Chernobyl’s $1.4 Billion Containment Dome

Chernobyl +30 – A Look From the Inside with Lucas Hixson

(April 2016)

Chernobyl +30 is a webnar presentation to celebrate the 30th anniversary of the 1986 Chernobyl nuclear disaster. In this segment, US nuclear engineer Lucas Hixson briefly summarizes the causes of the Chernobyl accident, the initial clean-up efforts by the Soviets, and the current extent of nuclear contamination in an exclusion zone the size of Rhode Island.

Hixson spent ten days at the Chernobyl site at the end of 2015 for an update on the $1.4 billion* containment dome Bechtel is building to prevent further radiation release. The largest man made structure ever built, the dome will replace the sarcophagus the Soviets placed over the site in 1987. The latter has become contaminated and is emitting gamma radiation. Bechtel’s $1.4 billion dome is predicted to last 100 years.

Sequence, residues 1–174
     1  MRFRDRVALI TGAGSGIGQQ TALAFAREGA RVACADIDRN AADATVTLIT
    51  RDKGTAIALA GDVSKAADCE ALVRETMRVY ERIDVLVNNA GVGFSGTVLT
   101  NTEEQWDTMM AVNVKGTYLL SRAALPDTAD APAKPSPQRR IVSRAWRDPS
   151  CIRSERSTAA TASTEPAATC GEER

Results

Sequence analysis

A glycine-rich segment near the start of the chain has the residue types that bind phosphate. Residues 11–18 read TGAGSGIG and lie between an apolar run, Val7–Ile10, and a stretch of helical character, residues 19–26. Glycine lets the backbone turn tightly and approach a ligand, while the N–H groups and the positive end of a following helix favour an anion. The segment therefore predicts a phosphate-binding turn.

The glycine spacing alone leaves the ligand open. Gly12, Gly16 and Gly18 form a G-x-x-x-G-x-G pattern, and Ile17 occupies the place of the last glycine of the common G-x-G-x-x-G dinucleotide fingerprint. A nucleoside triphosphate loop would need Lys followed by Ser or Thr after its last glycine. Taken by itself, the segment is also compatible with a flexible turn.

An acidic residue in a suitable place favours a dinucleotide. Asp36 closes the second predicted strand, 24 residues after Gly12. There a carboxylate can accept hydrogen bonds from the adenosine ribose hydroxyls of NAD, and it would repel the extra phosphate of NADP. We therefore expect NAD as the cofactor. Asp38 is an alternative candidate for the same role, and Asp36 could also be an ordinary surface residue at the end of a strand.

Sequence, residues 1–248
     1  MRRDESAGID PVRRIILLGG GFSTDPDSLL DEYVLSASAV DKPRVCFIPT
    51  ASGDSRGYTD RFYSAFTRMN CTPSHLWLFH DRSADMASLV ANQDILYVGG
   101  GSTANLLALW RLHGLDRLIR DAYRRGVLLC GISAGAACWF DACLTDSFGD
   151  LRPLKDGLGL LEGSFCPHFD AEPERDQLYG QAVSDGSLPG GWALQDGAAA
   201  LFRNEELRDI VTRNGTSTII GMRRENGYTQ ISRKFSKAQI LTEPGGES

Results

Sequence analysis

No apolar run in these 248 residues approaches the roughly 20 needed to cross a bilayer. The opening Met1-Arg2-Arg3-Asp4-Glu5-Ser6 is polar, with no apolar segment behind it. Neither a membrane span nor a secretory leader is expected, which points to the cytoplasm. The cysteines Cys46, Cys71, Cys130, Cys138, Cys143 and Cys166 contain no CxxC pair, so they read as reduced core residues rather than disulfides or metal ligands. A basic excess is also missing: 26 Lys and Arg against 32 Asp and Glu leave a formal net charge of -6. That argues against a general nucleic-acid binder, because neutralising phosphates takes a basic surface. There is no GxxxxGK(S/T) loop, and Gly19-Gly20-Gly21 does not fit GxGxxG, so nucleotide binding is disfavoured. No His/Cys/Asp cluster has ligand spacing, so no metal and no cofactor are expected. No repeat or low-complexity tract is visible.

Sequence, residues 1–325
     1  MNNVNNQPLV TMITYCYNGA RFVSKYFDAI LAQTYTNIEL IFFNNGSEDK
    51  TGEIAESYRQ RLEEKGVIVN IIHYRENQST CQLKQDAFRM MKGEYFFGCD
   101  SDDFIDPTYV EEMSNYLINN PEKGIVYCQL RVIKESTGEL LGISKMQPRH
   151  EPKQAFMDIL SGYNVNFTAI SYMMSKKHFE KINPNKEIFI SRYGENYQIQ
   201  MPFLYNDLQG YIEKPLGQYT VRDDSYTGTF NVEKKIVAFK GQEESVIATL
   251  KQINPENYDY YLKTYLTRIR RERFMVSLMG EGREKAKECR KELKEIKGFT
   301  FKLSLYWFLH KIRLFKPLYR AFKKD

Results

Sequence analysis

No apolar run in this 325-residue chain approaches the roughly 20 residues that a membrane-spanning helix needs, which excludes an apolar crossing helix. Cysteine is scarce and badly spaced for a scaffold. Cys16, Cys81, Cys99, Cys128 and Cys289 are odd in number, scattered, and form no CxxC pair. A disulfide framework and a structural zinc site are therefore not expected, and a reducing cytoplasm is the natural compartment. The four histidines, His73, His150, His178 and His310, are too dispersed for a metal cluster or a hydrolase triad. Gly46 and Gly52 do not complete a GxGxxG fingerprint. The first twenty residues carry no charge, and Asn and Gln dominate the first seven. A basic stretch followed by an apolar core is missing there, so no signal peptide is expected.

For me, the most interesting part of the presentation concerns the precautions taken to minimize tje radiation dose experienced by the 3,500 workers who are dismantling the sarcophagus. As Hixson points out, they are all younger workers with no direct experience of the devastating health problems workers and residents experienced after the Chernobyl explosion. It’s his impression they have minimal awareness of the immense hazards of their work.

Hixson’s presentation begins at 5:23.

* Hixson doesn’t mention how Ukraine (which is currently bankrupt and undergoing IMF restructuring) is paying for the containment done. According to the Washington Post, the European Bank for Reconstruction and Development is managing the project, which they are funding through international donations. The US has contribution $410 million.